A journalist in commenting any matter of public interest has no special privilege beyond any other member of community and it was the duty of the publisher and editor to check the news of information that was supplied to them by reporter before publishing the same in the newspaper, the Court said.
The Himachal Pradesh High Court has observed that publication of false news is a disservice to the public and the mass media must maintain high professional standards and are obliged to verify the correctness of the news disseminated.
“In India, since we have a written constitution, it is recognized that freedom of speech is not an absolute unlimited right. Article 19(2) provides reasonable restrictions on what is guaranteed by article 19(1)(a). Therefore, the mass media must maintain high professional standards and are obliged to verify the correctness of the news disseminated. Publication of false news cannot be regarded as a public service, but a disservice to the public. Publication of very bit of news does not necessarily serve the public interest”
Justice Tarlok Singh Chauhan made this observation while dismissing an appeal against a Trial court judgment which passed a decree against publisher and editor of Divya Himachal Newspaper towards damages of Rs. 10,000/- for publishing defamatory news against a barber he was accusing him of overcharging and fleecing his customers.
The Court observed that the freedom of press is not absolute, unlimited and unfettered at all times and in all circumstances as giving an unrestricted freedom of speech and expression would amount to an uncontrolled license.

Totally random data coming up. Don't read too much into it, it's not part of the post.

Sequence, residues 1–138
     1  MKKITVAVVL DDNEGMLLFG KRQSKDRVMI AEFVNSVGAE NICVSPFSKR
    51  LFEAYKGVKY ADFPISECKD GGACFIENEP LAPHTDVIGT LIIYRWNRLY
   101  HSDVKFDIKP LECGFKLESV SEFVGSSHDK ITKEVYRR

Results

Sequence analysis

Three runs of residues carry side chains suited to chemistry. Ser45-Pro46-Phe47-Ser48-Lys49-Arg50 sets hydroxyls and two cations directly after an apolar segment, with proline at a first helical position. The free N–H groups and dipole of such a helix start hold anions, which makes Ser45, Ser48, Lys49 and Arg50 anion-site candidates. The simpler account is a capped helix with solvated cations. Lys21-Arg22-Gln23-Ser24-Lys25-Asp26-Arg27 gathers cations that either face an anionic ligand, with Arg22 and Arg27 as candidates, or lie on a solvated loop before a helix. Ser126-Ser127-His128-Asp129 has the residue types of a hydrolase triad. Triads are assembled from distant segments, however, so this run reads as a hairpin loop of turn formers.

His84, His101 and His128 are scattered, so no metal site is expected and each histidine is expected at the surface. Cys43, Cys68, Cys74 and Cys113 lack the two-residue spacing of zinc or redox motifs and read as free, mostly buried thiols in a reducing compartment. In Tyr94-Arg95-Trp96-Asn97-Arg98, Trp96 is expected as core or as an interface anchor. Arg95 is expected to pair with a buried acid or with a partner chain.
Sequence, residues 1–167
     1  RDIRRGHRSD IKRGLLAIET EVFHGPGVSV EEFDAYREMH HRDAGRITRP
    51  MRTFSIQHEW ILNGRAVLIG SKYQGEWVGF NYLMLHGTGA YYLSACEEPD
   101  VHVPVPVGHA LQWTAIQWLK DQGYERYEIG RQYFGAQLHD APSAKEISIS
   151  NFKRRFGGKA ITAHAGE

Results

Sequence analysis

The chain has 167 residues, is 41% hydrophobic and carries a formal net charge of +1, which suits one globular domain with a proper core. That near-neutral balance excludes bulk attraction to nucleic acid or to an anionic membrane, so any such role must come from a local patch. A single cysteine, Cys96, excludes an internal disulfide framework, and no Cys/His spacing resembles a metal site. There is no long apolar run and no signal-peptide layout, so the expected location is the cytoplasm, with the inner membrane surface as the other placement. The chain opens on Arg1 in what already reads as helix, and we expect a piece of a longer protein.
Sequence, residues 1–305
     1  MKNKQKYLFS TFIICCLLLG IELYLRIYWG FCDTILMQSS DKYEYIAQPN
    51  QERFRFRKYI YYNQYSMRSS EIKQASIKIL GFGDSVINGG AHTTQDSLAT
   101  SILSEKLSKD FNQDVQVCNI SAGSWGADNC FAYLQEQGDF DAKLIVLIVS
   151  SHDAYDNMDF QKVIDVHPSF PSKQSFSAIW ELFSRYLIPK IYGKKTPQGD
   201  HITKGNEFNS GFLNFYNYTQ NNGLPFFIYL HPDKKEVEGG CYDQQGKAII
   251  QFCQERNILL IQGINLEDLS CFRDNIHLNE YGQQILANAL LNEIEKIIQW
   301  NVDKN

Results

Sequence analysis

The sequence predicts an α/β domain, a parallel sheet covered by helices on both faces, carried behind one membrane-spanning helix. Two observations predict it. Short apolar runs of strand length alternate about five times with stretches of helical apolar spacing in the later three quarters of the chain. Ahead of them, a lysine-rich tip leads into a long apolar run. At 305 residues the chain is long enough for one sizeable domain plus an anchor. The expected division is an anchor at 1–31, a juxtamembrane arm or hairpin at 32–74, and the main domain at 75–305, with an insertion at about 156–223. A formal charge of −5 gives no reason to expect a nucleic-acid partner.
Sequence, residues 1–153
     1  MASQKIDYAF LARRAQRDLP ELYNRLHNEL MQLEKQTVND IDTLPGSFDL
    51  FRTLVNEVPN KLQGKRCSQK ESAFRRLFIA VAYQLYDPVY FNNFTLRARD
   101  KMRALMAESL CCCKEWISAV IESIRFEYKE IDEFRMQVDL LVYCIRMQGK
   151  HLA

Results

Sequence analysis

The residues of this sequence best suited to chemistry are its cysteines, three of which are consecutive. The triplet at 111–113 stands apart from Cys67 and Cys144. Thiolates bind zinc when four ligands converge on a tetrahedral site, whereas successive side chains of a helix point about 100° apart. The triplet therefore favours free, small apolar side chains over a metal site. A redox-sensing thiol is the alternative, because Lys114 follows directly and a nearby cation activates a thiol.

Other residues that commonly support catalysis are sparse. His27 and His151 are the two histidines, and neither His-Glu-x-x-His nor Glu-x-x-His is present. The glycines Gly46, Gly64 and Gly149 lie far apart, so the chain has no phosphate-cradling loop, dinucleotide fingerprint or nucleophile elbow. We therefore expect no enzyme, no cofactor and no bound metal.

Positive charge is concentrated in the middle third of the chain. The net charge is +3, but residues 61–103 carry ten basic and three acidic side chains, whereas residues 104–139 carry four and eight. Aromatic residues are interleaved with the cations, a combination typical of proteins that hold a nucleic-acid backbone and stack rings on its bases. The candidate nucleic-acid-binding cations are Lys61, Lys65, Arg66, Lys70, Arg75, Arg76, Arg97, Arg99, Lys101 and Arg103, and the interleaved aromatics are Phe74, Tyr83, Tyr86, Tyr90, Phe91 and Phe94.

“The editor of a newspaper or a journal has a greater responsibility to guard against untruthful news and publications for the simple reasons that his utterances have a far greater circulation and impact than the utterances of an individual and by reason of their appearing in print, they are likely to be believed by the ignorant. That being so, certain restrictions are essential even for preservation of the freedom of the press itself.”, the court said observing that it was the duty of the publisher and editor to check the news of information that was supplied to them by a news agent before publishing the same in the newspaper.
The Court also observed that newspaper has no privilege beyond any other member of the community in commenting any matter of public interest and no privilege whatsoever attaches to his position. “It is the duty of a journalist to only publish complaints which he is satisfied are true. If he publishes complaints of a defamatory nature, which are not true he must suffer the consequences. A journalist who publishes a statement about an individual is in the eyes of law precisely in the same position as is any other person. He is not specially privileged as to what he may say.”, the Court said.